Chicken and Dumplings

Mother's Best by Lisa Schroeder with Danielle Centoni;TauntonPress(2009)Photographsby Ellen Silverman

Chicken and Dumplings

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    Ingredients

    8 tablespoons (1 stick) unsalted butter, cut into pieces, for the Chicken gravy 1 1/2 teaspoons baking powder, for the Dumplings
    1 cup all-purpose flour, for the Chicken gravy 1 scant teaspoon kosher salt, for the Dumplings
    7 cups chicken broth from Belle's Chicken Soup (Love Note 1), for the Chicken gravy 1 tablespoon finely chopped fresh Italian flat-leaf parsley, for the Dumplings
    2 teaspoons kosher salt, for the Chicken gravy 3 tablespoons cold unsalted butter, cut into 1/2-inch pieces, for the Dumplings
    1/2 teaspoon freshly ground black pepper, for the Chicken gravy 2/3 cup whole milk, for the Dumplings
    2 large carrots, peeled and diced (1 1/2 cups), for the Chicken gravy 5 cups cooked chicken (you can use the cooked chicken from making Belle's Chicken Soup; remove the skin and pick the meat off the bones, keeping the meat in large chunks; or cook a 3-pound chicken), for serving
    5 ribs celery, diced (2 1/2 cups), for the Chicken gravy 2 tablespoons finely chopped fresh Italian (flat-leaf) parsley, for garnish
    2 cups all-purpose flour, for the Dumplings

    directions

    Prep: 30 min Total: More than 60 min
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    • 1

      To make the gravy: In a large (8- to 10-quart), heavy-bottomed soup pot or Dutch oven, melt the butter over medium heat. Add the flour and mix well to make a roux. Cook, stirring frequently, until the mixture is pale yellow and resembles fine, wet sand, about 3 minutes.

    • 2

      Whisk the broth into the roux a little at a time, allowing the roux to absorb the liquid before adding more (this will help prevent lumps). Add the salt, pepper, carrots, and celery. Bring the mixture to a boil over high heat, stirring occasionally, and then lower the heat and gently simmer for 15 to 20 minutes. Keep stirring occasionally and skim off any scum (Love Note 2) that rises to the surface.

    • 3

      To make the dumplings: Whisk the flour, baking powder, salt, and parsley together in a large bowl, and then cut in the butter using a pastry blender, two knives, or a whisk until it’s in small pieces. (Alternatively, you can use a food processor: Place the flour, baking powder, and salt in the bowl of a food processor. Pulse several times to combine. Add the parsley and pulse once or twice to incorporate. Add the butter and pulse until it is in small pieces.)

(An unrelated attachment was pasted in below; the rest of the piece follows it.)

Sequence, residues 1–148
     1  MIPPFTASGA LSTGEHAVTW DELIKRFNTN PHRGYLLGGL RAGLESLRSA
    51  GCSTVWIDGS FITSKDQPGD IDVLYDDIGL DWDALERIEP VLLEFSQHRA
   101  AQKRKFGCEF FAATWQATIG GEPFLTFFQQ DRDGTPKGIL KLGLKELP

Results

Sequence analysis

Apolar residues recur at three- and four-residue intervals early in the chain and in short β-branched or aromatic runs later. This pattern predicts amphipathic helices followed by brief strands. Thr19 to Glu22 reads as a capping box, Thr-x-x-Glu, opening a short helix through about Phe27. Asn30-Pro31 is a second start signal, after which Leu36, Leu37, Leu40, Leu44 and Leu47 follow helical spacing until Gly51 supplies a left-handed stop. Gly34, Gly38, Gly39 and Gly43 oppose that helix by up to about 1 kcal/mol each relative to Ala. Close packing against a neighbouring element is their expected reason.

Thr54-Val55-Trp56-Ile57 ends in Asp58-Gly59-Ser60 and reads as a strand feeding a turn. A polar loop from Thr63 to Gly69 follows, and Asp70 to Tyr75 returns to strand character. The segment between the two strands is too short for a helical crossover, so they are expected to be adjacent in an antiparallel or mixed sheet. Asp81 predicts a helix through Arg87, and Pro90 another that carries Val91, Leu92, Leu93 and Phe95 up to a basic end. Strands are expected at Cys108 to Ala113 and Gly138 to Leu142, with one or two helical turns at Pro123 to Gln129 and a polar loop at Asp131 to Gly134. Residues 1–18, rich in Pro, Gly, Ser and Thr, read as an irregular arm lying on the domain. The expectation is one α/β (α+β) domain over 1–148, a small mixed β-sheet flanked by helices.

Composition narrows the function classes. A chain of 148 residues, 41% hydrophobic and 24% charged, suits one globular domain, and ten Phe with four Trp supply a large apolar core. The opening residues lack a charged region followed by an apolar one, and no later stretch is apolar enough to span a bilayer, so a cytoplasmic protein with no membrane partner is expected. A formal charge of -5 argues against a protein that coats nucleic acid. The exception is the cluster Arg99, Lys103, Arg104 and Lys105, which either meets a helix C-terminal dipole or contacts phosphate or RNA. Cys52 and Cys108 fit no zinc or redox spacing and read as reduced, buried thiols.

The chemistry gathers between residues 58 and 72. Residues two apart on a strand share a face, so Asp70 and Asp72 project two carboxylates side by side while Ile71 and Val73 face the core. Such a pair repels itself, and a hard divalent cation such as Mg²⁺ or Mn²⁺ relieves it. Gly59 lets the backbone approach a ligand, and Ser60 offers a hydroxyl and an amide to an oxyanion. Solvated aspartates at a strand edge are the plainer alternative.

• 4

      Add the milk and stir or pulse once or twice to moisten the flour mixture. (Do not overmix or you will develop the gluten in the flour and the dumplings will be chewy.) Gather the dough into a ball.

    • 5

      Using a large spoon or your hands, scoop out 1⁄4-cup chunks of dough, lightly roll them between your palms to round them out, and then drop into the simmering gravy (it’s OK if they sink), spacing them apart. Cover the pot and simmer until the dumplings are done (a knife inserted in the center should come out clean), about 20 minutes. (Avoid lifting the lid while the dumplings are cooking because it slows down the cooking process, and “if you’re lookin’ you’re not cookin’!”)

    • 6

      To serve: Gently stir the cooked chicken into the pot with the dumplings, return the liquid to a simmer, cover, and cook for 5 more minutes to heat the chicken through. Using a serving spoon or tongs, divide the chicken and dumplings among soup bowls. Ladle the gravy over the dumplings and chicken, sprinkle with the parsley, and serve.

    • 7

      Love Notes: This recipe is delicious with the broth from Belle’s Chicken Soup (you need just the broth, with no other ingredients or additions). In a pinch you can use canned low-sodium chicken broth and a rotisserie chicken and still have a good meal. When you add the chicken, feel free to stir in any leftover vegetables you have lurking in the fridge, such as steamed broccoli or green beans or braised greens.

    • 8

      When simmering gravies or sauces that include flour, be sure you skim off any scum that rises to the surface with a large serving spoon or ladle. This scum contains proteins and fibers from the flour that can make a sauce gummy.

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